Gordon Brown is regarded as "Grumpy Gordon" by two thirds of voters but people still prefer him to David Cameron as the next Prime Minister.
Six out of 10 Labour supporters and 70 per cent of his fellow Scots believe Mr Brown looks "grumpy", according to a poll for The Independent on how people view the two men who are expected to contest the next general election.
CommunicateResearch found more people regard Mr Cameron as "likeable" and someone who "understands ordinary people" than think the same of Mr Brown. But the Chancellor is seen as "principled" by more voters. On the crucial overall rating of who would make the better Prime Minister, 39 per cent prefer Mr Brown and 36 per cent the Tory leader, with 16 per cent saying neither.
People intending to vote for the Liberal Democrats, who could hold the balance of power after the next election, prefer Mr Brown to Mr Cameron by 37 per cent to 31 per cent. But Green Party supporters back Mr Cameron by 40 per cent to 30 per cent in a sign of the impact he has made on environmental issues.
There is little sign that Mr Cameron is doing better among women voters, as some other surveys suggested. CommunicateResearch found 40 per cent of men and 38 per cent of women believe Mr Brown would make the better Prime Minister, against 37 per cent and 36 per cent respectively for the Tory leader.
Mr Brown is most popular among those aged 65 and over, enjoying a seven-point lead in the group most likely to vote. Mr Cameron scores highest among those aged 18 to 24, where he has a 12-point advantage, indicating the success of his efforts to transform his party appeal to younger voters.
Intriguingly, 18 per cent of Tory supporters believe Mr Brown would make a better Prime Minister while 15 per cent of Labour voters prefer Mr Cameron.
The Tory leader is more popular among the top AB social group but the Chancellor owes his overall lead to support from the bottom two C2 and DE groups.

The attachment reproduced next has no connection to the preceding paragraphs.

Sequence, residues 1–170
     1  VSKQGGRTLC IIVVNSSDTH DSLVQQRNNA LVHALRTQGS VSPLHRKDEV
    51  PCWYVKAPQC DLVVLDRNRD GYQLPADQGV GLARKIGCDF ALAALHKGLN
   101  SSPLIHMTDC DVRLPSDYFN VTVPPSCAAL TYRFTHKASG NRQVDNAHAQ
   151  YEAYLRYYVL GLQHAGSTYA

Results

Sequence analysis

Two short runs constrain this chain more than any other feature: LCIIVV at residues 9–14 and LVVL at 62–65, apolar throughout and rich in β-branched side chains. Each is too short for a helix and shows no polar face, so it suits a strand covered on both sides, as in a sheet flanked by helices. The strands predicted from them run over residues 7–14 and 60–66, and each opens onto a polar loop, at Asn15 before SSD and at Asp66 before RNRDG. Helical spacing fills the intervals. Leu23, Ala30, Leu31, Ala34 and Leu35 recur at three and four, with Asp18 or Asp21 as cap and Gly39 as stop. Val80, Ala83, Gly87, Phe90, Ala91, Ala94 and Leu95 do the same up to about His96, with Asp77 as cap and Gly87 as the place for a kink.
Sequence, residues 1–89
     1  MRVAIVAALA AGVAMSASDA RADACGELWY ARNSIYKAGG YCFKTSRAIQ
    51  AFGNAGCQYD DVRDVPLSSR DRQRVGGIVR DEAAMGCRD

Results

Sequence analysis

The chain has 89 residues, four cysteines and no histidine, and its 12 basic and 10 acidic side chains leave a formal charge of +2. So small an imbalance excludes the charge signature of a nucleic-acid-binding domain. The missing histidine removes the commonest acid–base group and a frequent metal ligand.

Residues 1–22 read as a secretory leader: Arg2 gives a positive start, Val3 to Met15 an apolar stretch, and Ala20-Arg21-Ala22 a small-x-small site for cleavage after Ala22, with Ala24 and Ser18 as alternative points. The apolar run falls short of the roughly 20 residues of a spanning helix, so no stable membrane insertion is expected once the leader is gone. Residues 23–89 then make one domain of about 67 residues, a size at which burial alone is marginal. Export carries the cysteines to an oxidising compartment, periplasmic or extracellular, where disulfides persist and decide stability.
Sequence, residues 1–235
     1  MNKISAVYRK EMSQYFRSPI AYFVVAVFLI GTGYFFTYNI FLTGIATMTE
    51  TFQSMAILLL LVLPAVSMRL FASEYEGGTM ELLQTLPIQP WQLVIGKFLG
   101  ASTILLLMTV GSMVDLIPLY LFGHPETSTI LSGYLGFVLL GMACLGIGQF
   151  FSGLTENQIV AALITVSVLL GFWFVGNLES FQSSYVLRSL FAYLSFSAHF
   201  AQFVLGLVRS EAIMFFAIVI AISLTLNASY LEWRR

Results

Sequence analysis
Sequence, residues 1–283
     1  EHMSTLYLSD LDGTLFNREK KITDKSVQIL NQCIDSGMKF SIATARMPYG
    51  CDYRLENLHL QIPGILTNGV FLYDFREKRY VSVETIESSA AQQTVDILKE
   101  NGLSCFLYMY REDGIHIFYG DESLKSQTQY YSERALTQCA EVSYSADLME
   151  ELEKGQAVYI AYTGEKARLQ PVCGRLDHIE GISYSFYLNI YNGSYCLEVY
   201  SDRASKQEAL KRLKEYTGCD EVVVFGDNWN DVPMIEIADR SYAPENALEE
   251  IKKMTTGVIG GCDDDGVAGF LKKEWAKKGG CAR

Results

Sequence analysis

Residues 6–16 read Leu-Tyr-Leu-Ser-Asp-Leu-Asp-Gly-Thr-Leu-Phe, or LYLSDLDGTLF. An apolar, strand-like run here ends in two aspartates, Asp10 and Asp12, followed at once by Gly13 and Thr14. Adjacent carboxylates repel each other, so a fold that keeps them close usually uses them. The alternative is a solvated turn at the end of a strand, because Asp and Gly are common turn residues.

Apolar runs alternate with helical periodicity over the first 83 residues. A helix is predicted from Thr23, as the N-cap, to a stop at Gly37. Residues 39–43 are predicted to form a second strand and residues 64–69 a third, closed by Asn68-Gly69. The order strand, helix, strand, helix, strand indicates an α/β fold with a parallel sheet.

Mr Cameron is ahead of Mr Brown in the South-east by 41 per cent to 34 per cent, which may heighten fears among some Labour figures about whether the Chancellor can match Tony Blair's appeal in the South. But Mr Brown leads Mr Cameron in the North and the Midlands.
Labour intends to portray Mr Brown as a man of substance and experience who would provide a safer choice than the "spin" and inexperience of Mr Cameron. But the Tories intend to contrast someone they regard as a dour and gloomy figure with a younger, telegenic leader they think is well-suited to a political system that has become more presidential under Mr Blair.
It seems the Tories will be pushing at an open door. A total of 66 per cent of people believe the Chancellor is "grumpy", against only 18 per cent who think the same of Mr Cameron. The label is seen as right for Mr Brown by 59 per cent of Labour supporters, although only 23 per cent of them think it fits Mr Cameron. The Chancellor is regarded as "grumpy" by 77 per cent of Tory supporters, 76 per cent of Green Party supporters and 68 per cent of Liberal Democrat supporters.
More men (69 per cent) regard Mr Brown as "grumpy" than women (63 per cent), while only 16 per cent of men and 20 per cent of women believe Mr Cameron deserves the label.
More people in all age groups regard Mr Cameron as "likeable" than Mr Brown. Overall, 67 per cent believe the Tory leader is "likeable" while only 42 per cent say the same of the Chancellor. Some 57 per cent of Labour supporters describe Mr Cameron as "likeable" but only 26 per cent of Tory supporters think the Chancellor is. Three out of four Liberal Democrat supporters like Mr Cameron but only one in three likes Mr Brown.
The jury is out on which of the two men can better convince voters that he is on their side. Some 51 per cent of people believe the Tory leader "understands ordinary people", another sign that he has changed the public's perceptions of his party, while 49 per cent believe the Chancellor does.
There is some comfort for Mr Brown in that 58 per cent of voters see him as "principled" while 52 per cent say the same of Mr Cameron. This will encourage Labour strategists who believe his record as Chancellor will be an eelectoral asset.Reuse content